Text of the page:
Online poker is a fun game to play causally with friends, and also a great way to make some money on the side if you take your strategy a bit more seriously. But sometimes it gets boring playing the same old forms of poker over and over again. Here we’ll discuss a more unusual form: pineapple poker. We’ll explain what it is, and how you can play it best.
What is Pineapple Poker?
Pineapple poker is similar to the most common variant of poker, Texas Hold Em. However, whereas in Texas Hold Em each player is dealt two cards at the start of the round, three cards are dealt to each player in pineapple poker. It is this special third card that makes pineapple poker so different from every other poker variant.
Pineapple Poker Rules
The game is played at a normal poker table with a standard set of 52 playing cards. To win, you need to make the highest scoring poker hand out of one or two of the “hole cards” and three or four of the “community cards”.
At first, the dealer gives three face down cards to each player. These are known as the “pocket cards”. The players then look at their pocket cards, being careful to conceal them from each other.
The player to the left of the dealer is responsible for the big blind at the start, and plays first in the starting round. Betting continues around the table until everyone has made all of their permitted decisions to raise, meet or fold. Each player is only allowed to make four bets per round.
After the first round of betting, the dealer places three cards face up in the middle of the table. These are the community cards and can be used by anyone.
A second round of betting proceeds around the table until everyone had made all the moves they are willing and allowed to commit. It is after this second round of betting that we reach the twist that makes pineapple poker so different: every player is now required to discard one of their pocket cards.
After every player has discarded their least valued pocket card, the dealer places one final face up community card in the middle of the table. A third round of betting occurs, with the betting limit raised.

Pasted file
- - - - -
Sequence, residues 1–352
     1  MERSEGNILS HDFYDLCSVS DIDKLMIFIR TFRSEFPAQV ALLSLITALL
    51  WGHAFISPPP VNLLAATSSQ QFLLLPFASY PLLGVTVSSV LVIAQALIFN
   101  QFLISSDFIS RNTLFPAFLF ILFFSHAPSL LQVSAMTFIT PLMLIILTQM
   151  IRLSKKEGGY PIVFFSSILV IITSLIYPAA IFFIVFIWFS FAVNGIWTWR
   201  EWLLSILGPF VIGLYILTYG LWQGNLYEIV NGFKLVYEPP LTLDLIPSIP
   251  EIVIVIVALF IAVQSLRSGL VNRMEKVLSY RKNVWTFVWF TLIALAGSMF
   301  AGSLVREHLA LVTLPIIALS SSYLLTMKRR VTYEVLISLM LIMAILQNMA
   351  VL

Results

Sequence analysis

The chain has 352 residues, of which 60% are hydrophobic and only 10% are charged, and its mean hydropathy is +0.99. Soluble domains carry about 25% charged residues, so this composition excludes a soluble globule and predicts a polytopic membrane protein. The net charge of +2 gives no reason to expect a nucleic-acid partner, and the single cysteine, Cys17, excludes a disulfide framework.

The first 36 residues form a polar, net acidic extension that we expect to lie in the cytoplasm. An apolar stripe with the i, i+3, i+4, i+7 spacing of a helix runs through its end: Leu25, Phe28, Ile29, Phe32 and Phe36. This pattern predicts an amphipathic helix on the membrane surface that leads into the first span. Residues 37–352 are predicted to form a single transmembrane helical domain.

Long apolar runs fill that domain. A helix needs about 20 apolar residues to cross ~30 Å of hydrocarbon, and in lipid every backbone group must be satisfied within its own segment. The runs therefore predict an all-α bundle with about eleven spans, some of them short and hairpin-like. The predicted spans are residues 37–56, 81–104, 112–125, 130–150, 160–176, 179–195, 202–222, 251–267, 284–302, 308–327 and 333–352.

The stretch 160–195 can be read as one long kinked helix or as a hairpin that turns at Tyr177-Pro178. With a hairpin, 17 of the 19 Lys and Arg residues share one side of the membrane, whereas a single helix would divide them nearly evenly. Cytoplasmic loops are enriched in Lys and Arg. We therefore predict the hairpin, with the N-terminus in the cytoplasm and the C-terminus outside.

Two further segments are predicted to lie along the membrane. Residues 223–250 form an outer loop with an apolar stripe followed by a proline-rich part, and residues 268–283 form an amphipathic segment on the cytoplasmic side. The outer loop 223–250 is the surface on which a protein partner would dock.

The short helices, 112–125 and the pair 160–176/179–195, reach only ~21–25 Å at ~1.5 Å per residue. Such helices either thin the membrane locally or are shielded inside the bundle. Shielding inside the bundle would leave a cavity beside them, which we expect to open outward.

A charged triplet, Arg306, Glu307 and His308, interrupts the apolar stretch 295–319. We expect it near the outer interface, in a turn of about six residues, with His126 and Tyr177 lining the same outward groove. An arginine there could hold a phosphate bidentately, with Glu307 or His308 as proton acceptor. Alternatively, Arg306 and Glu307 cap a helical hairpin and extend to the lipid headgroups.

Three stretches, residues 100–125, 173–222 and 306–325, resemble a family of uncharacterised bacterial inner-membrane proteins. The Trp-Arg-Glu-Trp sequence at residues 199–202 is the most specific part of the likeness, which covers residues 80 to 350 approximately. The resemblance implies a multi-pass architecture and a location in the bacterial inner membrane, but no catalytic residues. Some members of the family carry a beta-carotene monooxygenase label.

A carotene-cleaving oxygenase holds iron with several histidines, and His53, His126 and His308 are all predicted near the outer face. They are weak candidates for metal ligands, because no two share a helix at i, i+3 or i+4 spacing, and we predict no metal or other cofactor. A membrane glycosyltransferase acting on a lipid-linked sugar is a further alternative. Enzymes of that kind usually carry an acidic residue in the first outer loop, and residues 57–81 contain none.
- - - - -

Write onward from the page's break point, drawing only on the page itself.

The dealer places one final face up card on the table for everyone to use. The final round of betting, or “showdown”, then proceeds, so long as more than one person remains in play. After all bets have been made in the final round, players must reveal their pocket cards to find out who has won.
Pineapple Poker Variants
Above, we have described the rules for the standard form of pineapple poker, known as “simple pineapple”. But there are also a number of variants of pineapple poker where the rules are a bit different:
In crazy pineapple, players discard their third unwanted pocket card after the flop (when the initial three community cards are dealt) rather than beforehand as you do with simple pineapple.
In lazy pineapple, there is no third card discard, and all players instead hold onto all three cards until the end of the game. However, players are still only allowed to use one or two of their pocket cards when constructing a winning hand.
In Super Hold Em, technically a variant of Texas Hold Em but similar to pineapple poker, players keep all three of their poke to cards right up until the end and are allowed to use all three of those pocket cards to form their winning hand if they so choose.
Pineapple Poker Strategy
Strategy in pineapple poker is pretty similar to in Texas Hold Em. The average winning hand in pineapple poker is stronger than in Hold Em, so you need to be more selective than usual about which hands you play and which you fold.
Another way of saying this is that you need to “tighten up”. Tight strategies are generally the most successful in poker, and the more cards are initially dealt, the tighter you need to be. Tight playing takes a lot of nerve, so pineapple is not for the extremely ebullient or faint of heart.
Bear in mind that sets and full houses will occur more frequently in this form of poker because the presence of the three pocket cards means each player is more likely to get dealt a pair at the beginning.
Two aces and King-Queen will serve you less well in this form of poker than in Texas Hold Em, so don’t be as scared to fold or discard those hands. Good luck!